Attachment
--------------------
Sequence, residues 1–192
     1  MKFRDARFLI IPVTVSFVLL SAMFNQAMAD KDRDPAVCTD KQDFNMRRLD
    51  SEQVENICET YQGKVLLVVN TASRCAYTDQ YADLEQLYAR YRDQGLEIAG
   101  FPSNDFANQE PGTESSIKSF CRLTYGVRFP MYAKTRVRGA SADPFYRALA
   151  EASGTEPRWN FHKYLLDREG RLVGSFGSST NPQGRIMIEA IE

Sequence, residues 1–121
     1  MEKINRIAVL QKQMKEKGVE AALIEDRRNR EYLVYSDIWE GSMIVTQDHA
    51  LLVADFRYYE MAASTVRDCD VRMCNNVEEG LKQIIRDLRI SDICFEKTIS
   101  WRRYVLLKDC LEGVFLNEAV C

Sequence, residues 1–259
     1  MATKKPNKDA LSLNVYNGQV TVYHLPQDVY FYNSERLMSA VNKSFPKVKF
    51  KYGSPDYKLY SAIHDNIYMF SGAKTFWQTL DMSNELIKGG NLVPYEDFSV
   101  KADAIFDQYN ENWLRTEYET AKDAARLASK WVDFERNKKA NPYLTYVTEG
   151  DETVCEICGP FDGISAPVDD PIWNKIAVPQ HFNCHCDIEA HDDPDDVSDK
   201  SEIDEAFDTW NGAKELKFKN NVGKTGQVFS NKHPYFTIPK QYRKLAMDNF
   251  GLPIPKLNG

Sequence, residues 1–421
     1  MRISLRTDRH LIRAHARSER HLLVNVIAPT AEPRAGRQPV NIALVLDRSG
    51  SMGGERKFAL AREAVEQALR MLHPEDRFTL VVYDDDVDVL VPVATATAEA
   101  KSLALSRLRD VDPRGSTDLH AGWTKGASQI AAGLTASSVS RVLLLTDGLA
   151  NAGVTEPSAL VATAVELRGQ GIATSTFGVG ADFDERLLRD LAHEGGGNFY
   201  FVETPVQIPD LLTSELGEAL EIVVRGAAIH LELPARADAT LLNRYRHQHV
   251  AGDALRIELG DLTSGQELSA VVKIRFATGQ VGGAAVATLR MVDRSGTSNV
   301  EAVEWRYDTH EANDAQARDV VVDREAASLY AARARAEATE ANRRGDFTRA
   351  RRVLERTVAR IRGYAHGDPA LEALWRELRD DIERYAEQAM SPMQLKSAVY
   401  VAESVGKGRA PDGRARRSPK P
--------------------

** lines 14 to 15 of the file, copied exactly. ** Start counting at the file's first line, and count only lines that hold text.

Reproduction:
   151  DETVCEICGP FDGISAPVDD PIWNKIAVPQ HFNCHCDIEA HDDPDDVSDK
   201  SEIDEAFDTW NGAKELKFKN NVGKTGQVFS NKHPYFTIPK QYRKLAMDNF